Powder-chasers wanting to pass on the tradition to their children often choose Oregon, since its variety of mountains range from beginner to expert. At many resorts, children under 5 ski free. This is a great way to introduce the next generation to the addicting sport.

If you have always wanted to try a snow sport but have been too nervous, Oregon is a great entry-level vacation spot where the mood is relaxed and the resorts are easy-going. Lessons are available at many of the resorts if you need an intro or refresher.

Excellent Conditions

Several of Oregon’s most famous ski areas are located on volcano Mount Hood. And with a climate that produces amazing snowfall with mild temperatures, even those who are not cold weather enthusiasts can have a great time.

If you do not have time to visit the popular wine country in Oregon, you can enjoy a little apres ski with local wines from Willamette Valley, which are available near most popular ski resorts, such as Willamette Pass. Bonus: this unique ski and snowboard area boasts one of the steepest runs in the world. Just ski then indulge!

Another favorite way to enjoy the terrain is through night skiing offered at many Oregon resorts. This is a beautiful way to appreciate nature (and squeeze a few more runs into your day). For those of you who might enjoy relaxing in the lodge instead of on the slopes, Oregon is also known for its innovative cuisine. Paired with delicious Rainstorm wines and gorgeous nature scenes, post-ski leisure is just as exciting.

There’s truly something for everybody. After spending the day on the slopes, don’t forget to to sample delectable wines from Willamette Valley and discover more of what Oregon has to offer.

Wine Country Thanksgiving

This Thanksgiving, start a new tradition. After you’ve stuffed yourself with turkey and pie, let the smorgasbord continue with Willamette Valley’s Wine Country Thanksgiving. Forget Black Friday; this is the way to spend the day after Thanksgiving. And the day after that and the day after that, because this event runs through the whole weekend! It’s the best way to sample some of the best Willamette Valley wines with family and friends who have come together for the holiday.

Willamette Valley Wines | Rainstorm Pinot Noir

What is Wine Country Thanksgiving? It isn’t a new event; in fact, it’s in it’s 35th year.  But every year brings something new, and 2017 will be no different. More than 150 wineries will be participating, each opening their doors and their cellars to the public for an immersive experience that combines education, food and wine pairings, and of course, ample tasting opportunities.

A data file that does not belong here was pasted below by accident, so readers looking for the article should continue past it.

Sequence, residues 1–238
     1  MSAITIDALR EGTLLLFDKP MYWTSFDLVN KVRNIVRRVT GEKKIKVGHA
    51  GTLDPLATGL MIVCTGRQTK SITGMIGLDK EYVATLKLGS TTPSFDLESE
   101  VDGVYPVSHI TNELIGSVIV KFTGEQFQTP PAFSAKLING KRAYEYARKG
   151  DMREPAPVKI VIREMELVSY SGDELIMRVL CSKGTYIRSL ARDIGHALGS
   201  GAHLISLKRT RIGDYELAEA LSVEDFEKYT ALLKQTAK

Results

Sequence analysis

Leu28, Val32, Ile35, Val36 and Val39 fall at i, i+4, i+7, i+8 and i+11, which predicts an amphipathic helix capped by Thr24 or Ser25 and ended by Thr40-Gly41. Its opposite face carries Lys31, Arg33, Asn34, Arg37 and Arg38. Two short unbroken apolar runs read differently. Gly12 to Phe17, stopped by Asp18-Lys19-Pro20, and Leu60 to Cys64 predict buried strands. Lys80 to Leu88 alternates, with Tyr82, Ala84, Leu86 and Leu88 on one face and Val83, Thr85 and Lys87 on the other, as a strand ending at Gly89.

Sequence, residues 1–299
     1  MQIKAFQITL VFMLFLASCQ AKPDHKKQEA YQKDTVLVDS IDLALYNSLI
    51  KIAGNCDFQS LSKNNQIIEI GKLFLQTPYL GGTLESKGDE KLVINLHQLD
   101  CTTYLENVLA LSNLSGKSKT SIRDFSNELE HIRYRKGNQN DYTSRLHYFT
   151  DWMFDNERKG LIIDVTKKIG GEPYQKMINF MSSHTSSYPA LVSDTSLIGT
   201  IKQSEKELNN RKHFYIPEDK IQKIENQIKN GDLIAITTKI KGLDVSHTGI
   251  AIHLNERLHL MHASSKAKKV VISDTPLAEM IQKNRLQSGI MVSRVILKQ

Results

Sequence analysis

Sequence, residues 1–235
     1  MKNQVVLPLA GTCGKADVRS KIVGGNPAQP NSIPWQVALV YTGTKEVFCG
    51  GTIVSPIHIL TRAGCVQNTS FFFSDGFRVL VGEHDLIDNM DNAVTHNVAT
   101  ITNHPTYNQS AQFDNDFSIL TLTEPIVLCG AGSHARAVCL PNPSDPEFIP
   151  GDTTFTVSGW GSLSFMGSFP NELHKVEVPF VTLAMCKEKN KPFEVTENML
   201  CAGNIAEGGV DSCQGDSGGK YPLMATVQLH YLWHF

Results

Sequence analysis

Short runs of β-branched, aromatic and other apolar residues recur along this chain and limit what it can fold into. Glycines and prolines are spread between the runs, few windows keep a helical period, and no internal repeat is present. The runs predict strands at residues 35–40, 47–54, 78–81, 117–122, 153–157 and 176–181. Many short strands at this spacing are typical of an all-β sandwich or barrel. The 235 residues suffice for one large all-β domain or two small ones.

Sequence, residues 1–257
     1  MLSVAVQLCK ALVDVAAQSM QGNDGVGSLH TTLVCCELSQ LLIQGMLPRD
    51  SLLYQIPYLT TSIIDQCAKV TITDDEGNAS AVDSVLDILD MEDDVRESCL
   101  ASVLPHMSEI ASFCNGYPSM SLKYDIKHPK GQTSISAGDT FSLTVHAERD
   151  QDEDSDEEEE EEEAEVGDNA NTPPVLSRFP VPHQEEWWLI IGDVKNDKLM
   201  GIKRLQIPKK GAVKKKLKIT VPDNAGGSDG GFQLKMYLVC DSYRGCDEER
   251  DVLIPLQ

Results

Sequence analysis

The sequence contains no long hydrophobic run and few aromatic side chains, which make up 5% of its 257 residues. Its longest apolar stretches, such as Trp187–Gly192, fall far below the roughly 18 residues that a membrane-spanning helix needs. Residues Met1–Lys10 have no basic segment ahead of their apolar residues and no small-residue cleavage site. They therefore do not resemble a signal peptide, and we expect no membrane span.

This is a fantastic way to indulge in some (or, better yet, all) of the fine Willamette Valley wines. Sweet whites, medium-bodied reds, dry rosés and everything in between – whatever your tastes are, there’s a wine for you. It’s also the perfect time to try some varietals and vintages you might not have the opportunity to explore normally.

Of course, Thanksgiving weekend isn’t just about wine. It’s also about spending time with the ones you love. That’s what makes Wine Country Thanksgiving so special. It’s not just your average wine festival or tasting event. It’s a way to connect and celebrate with family and friends, and maybe even make some new friends along the way.

So make Wine Country Thanksgiving part of your holiday tradition. Kick off the festivities with a bottle of Rainstorm pinot noir (the unofficial wine of Thanksgiving!), then head out to the wineries of your choice for a tasting extravaganza!  And this year, when Aunt Ethel asks what you’re thankful for, you can proudly declare, “Willamette Valley wines!”

10 Parks to See Foliage in the Fall

The best part of autumn is seeing green leaves change into brilliant shades of scarlet and gold. Oregon is one of the best places in the U.S. to see this annual transformation, and nothing beats a foliage excursion capped with a picnic featuring fine Oregon wine. Ten parks to make the most of beautiful fall colors:

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  1. Mt. Hood Scenic Loop: At 146 miles, this scenic drive provides plenty of autumnal viewing options. The Columbia River Gorge and Mount Hood may be the focal points of the trip, but the abundant trees with their stunning fall colors are the real stars of the show.
  2. Forest Park - Just west of downtown Portland, Forest Park is home to an extraordinary amount of flaming maple trees. The Maple Trail Loop Hike is the best way to enjoy the splendor, so strap on some comfy hiking shoes.